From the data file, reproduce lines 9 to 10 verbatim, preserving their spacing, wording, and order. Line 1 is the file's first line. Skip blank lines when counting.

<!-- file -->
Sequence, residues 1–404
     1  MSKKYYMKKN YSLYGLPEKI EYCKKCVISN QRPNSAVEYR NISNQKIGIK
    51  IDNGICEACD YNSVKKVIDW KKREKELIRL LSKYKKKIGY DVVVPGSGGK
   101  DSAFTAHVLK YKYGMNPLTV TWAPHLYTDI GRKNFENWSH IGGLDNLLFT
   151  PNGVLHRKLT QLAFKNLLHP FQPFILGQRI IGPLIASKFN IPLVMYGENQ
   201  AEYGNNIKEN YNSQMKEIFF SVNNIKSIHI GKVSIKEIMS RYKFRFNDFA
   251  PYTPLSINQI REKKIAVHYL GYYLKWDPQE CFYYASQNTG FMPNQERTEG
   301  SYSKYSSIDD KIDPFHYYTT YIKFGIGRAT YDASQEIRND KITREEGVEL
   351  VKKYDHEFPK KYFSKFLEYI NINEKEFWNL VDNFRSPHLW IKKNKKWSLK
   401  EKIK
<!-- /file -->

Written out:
   351  VKKYDHEFPK KYFSKFLEYI NINEKEFWNL VDNFRSPHLW IKKNKKWSLK
   401  EKIK